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SNS Democracy in Korea

Upcoming elections in South Korea offer social media the chance to really make its mark. But will populism rule?

The Occupy Wall Street protests are only the latest example of the power mobile devices and online services such as Twitter and Facebook have to help create social movements. The uprisings of the Arab spring movement this year, meanwhile, showed the potential these tools have to create significant change.

As tablets and smartphones grow in popularity, we can expect to see this phenomenon continue and evolve as the boom in social network services (SNS) extends its influence not only over the way publics communicate with each other, but also over how politicians try to mobilize voters.

This development was evident in the March parliamentary election in Singapore, and there’s much discussion about what SNS could mean for upcoming elections in Seoul. During last year’s local elections, South Koreans saw more clearly than ever how Twitter could encourage the engagement of younger voters in the electoral process. Many Twitter users urged their friends and followers to go out to vote, while popular singers and actors posted ‘authentication shots’ – self-taken photos outside ballot stations. Opposition parties did particularly well out of this approach.

And this month, Twitter and other social networks will again be in focus for the October 26 by-elections, with the key post of Seoul mayor at stake. Kyung-won Na of the ruling Grand National Party and Won-soon Park, an opposition-backed independent candidate, are busying themselves with promoting both on- and off-line campaigns.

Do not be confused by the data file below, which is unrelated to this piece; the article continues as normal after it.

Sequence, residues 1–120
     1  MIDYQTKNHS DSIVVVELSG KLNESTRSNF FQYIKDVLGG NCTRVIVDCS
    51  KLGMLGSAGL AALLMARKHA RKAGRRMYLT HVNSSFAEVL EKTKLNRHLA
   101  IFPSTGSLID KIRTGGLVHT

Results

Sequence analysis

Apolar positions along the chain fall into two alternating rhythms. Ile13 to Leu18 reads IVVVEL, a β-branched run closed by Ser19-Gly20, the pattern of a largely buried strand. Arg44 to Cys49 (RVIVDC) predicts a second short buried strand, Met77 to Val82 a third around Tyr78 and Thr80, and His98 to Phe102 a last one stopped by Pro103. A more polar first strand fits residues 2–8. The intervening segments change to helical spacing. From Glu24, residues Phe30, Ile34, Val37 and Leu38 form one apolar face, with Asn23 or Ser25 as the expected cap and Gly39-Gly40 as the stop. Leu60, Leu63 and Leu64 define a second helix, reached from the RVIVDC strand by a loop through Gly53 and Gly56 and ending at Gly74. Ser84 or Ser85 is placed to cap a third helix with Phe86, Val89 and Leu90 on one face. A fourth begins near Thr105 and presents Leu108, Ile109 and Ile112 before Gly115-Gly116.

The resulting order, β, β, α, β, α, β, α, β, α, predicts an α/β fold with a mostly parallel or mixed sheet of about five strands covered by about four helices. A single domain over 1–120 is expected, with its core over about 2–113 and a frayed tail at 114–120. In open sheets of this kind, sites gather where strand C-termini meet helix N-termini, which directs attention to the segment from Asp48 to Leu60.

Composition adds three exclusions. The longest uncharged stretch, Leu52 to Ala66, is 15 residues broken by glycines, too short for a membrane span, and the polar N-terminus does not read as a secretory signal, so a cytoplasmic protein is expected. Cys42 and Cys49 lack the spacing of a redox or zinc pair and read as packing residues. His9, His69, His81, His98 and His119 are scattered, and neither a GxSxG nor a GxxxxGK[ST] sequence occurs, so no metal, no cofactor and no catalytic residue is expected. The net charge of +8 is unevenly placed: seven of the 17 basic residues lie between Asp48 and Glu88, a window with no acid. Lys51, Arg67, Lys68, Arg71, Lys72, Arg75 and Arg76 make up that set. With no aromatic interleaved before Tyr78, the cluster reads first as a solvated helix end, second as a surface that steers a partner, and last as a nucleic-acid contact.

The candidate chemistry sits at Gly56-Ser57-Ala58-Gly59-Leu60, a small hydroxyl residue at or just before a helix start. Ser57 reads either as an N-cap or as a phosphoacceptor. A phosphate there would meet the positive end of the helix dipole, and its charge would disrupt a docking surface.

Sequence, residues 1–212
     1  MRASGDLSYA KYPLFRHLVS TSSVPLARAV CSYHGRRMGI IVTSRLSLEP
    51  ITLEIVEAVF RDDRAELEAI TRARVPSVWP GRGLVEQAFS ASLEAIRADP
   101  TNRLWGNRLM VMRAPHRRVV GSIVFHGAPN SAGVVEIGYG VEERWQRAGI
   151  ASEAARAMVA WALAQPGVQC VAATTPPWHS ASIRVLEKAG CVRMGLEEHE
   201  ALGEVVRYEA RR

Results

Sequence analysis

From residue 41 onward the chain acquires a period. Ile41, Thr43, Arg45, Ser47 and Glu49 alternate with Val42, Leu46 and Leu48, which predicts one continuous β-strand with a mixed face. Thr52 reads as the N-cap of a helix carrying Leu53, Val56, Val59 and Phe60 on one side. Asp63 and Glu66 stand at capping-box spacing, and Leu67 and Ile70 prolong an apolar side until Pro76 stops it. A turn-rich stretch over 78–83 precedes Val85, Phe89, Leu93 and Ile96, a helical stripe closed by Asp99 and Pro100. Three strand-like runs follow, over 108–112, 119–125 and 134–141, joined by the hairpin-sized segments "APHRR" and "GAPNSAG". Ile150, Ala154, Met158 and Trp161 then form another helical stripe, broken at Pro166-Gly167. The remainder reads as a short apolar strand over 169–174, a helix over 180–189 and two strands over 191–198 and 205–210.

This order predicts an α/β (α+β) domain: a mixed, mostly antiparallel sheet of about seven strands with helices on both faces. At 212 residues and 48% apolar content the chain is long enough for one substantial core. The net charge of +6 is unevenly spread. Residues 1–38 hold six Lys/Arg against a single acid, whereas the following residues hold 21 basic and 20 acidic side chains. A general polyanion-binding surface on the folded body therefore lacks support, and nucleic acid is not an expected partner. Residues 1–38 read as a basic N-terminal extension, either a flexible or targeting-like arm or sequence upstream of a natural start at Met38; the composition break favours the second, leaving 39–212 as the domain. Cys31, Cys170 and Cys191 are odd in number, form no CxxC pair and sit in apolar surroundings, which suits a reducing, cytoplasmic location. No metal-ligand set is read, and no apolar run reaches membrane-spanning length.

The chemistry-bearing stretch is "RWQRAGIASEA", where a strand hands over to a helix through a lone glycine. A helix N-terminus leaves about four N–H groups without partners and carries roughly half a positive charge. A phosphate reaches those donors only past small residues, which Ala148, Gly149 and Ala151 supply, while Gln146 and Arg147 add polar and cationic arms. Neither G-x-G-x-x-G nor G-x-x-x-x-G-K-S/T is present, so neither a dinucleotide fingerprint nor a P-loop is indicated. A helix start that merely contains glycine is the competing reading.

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The two have been spotted busily tweeting on their policies and visions, uploading pictures and re-tweeting supportive messages on their way to and from the office. Market research firm Daumsoft has put together a web dashboard (viewable at that shows the real time ‘tweet share’ of the two candidates since September 21. The tweet share has fluctuated most clearly when sensitive issues such as political contributions have been the focus of the debate. As of October 16, Park had 138,000 followers and Na had 46,000. Although Daumsoft’s dashboard may ultimately be of little help in predicting a winner, it could still accurately reflect young people’s interest in the campaigns.

This month’s by-elections will present some interesting changes ahead of next year’s parliamentary and presidential elections. And, whoever wins the upcoming elections, there’s little doubt that Twitter and other social media will not only help attract a younger generation of voters, but will also encourage them to hold the eventual winners responsible for keeping their campaign pledges.

But welcome as the use of SNS is in encouraging engagement amongst young people, there’s also a potential downside – as politicians’ use of social networking and other web services has increased, their pledges have sounded increasingly populist. With tweets being instantly consumed and circulated among younger voters, politicians are increasingly inclined to turn to self-serving sound bites.

The transition to democracy in Korea in 1987 was a consequence of massive street protests by students. Fifteen years on, it’s interesting to consider how younger generations are communicating with politicians now, and how they might apply social media tools in 2012.


Eunil Cho is a Ph.D. student in the Department of Political Science at Yonsei University, South Korea.